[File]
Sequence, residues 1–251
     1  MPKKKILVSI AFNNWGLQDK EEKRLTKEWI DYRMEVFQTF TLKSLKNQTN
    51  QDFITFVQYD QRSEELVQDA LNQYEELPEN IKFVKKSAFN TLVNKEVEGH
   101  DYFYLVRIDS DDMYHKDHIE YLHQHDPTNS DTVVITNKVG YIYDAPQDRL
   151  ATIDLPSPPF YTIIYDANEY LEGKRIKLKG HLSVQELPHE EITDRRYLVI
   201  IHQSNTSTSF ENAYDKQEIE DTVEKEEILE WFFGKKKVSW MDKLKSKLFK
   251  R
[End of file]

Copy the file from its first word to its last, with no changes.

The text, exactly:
Sequence, residues 1–251
     1  MPKKKILVSI AFNNWGLQDK EEKRLTKEWI DYRMEVFQTF TLKSLKNQTN
    51  QDFITFVQYD QRSEELVQDA LNQYEELPEN IKFVKKSAFN TLVNKEVEGH
   101  DYFYLVRIDS DDMYHKDHIE YLHQHDPTNS DTVVITNKVG YIYDAPQDRL
   151  ATIDLPSPPF YTIIYDANEY LEGKRIKLKG HLSVQELPHE EITDRRYLVI
   201  IHQSNTSTSF ENAYDKQEIE DTVEKEEILE WFFGKKKVSW MDKLKSKLFK
   251  R